Emma joined St Mungo’s in the Strategic Asset Team and has also been an active member of our LGBTQIA+ Network ever since. In this blog, she tells us what the network means to her, reflects on the importance of, and shares a powerful poem on, LGBT History Month.
When I came to work for St Mungo’s, I was astounded on my first day at the obvious dedication to diversity and inclusion. I have never worked anywhere before where they were so inclusive, and it blew me away.
I felt like a weight had been lifted off me; here, finally, was a place where I didn’t need to hide parts of myself to fit in, somewhere I wouldn’t be asked stupid and intrusive questions, and I wouldn’t face judgement. I was so excited, I even took a picture of the notice up on the toilets about using whichever bathroom made you more comfortable and text it to a loads of friends, gushing over it (I’ll be honest, they didn’t quite understand my excitement).
I was excited to work for a company that had been consistently recognised by Stonewall, and that showed such acceptance of all different types of people, and celebrated these differences. I wanted to be a part of this, which is why I volunteer to help for as many events as I can, even if my contribution is just a poem.
When I then learned about how many different diversity networks there were, I immediately contacted the ones that fit me, that meant the most, and one of these was the LGBT+ Network.
I can’t put into words how it feels to know there are other people in the office that, like me, are proud of their sexuality and want to encourage others to be the same. It’s an amazing feeling to not feel so alone.
Despite growing up in Greater London, I didn’t know that many openly LGBT+ people in my area in my younger, formative years. I knew experimenters, a few gay guys (from whom I have experienced some of the worst bi-erasure in my life), and I was bullied for being unapologetically bi in an all girls’ school.
To get into my early adult years and be able to work somewhere so accepting, with a network of people like me – words don’t do the feelings justice.
So when it comes to LGBT+ History Month… The reason it’s so important to me, like everything else meaningful in life, is multi-layered. For a start, I have a degree in history, have always loved it, and always believed that we have to know the past in order to be best prepared for the future. We do, as a species, tend to repeat patterns of behaviour, and being able to recognise these patterns can stop us from repeatedly making the same mistakes. There’s the corny reason out of the way.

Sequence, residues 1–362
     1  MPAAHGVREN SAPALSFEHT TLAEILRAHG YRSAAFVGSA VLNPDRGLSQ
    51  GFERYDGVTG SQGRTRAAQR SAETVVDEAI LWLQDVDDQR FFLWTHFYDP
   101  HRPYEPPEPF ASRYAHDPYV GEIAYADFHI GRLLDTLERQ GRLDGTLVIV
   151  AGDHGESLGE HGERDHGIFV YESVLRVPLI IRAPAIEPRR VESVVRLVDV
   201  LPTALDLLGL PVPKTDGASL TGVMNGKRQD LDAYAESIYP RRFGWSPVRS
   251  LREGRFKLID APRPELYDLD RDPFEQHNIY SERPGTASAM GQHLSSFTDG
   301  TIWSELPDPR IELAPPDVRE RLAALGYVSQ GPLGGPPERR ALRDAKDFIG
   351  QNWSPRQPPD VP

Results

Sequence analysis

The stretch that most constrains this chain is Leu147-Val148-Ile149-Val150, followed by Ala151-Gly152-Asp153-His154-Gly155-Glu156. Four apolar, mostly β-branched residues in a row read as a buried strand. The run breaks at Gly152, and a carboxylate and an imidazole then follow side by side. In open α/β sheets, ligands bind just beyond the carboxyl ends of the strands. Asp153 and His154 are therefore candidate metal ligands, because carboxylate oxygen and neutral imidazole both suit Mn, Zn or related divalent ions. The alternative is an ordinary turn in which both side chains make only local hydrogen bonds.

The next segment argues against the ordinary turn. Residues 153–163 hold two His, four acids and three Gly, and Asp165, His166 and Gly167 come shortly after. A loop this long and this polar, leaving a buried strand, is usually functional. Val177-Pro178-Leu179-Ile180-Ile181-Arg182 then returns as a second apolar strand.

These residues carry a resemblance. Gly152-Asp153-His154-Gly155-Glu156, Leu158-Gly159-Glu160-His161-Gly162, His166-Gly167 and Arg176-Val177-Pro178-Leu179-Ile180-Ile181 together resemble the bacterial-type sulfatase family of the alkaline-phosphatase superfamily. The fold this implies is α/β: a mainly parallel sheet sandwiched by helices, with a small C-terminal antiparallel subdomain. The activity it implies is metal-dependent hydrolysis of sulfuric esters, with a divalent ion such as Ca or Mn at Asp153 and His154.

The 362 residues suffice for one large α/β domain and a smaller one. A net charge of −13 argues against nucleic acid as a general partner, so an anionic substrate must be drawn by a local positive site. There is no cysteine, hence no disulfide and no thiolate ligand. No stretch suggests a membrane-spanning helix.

Another reason – probably the most significant – it’s so important to me is because it is humbling and uniting to look back at who fought and sacrificed so that I could enjoy the freedoms I have. And yes, the fight is not over, we still haven’t achieved the aim of complete acceptance, but we are in a much better position than we were even five years ago.
I look back at what others achieved, despite the mountainous obstacles they had to overcome, and it makes me feel better about the biphobia and bigotry I have to face, and I know that things will get better. Knowing what all these amazing people did for us inspires me to be better, do better, do more for my community. It makes me want to fight, raise awareness, be a safe space, and hopefully inspire others to do the same.
LGBT History Month gives us the opportunity to highlight these people, what they gave in our past for a future they didn’t know of, and I hope they inspire others like they inspired me; to be unapologetically yourself.
You marvel at the beauty
Of a rainbow that paints the sky
Wondering how such brightness
Can be birthed from a storm
And yet question our colours
And our tempestuous struggles
When you, ancient perpetrator
Are the rains and winds
The lightning and the thunder
Trying in vain to dim us
And then claim it does not exist
But we weep not for we are protected
By each other under the umbrella
A shelter which has expanded over years
Shielding many from the hail storm
Of insults and phobia, words and actions
Seeking to break our blossoming community
But we are family, connected by shared experience
Ready to fight and defend all
Who don’t stick to monochrome
Across the fields of years gone by, I see
An army of multi-coloured flags
Sauntering forward with self-determined righteousness
Hearts and souls covered in blood and tears
But hands free from the stain
Never looking back, but never forsaking the rear view
And I march with them
We remember and honour all
Who could not be here today
But whose courageous actions
Paved the path we have walked thus far
And now we, blessed by their inception
Must continue through the dense jungle
Until all the world is painted
In the brightest colours of joy
And the Old World
Bigoted, prejudiced and cruel
Is trampled underfoot
A festival or light and colour
Acceptance of every shade
Waiting to greet us
In the dawning of the New Age
Find out more about Diversity and Inclusion at St Mungo’s.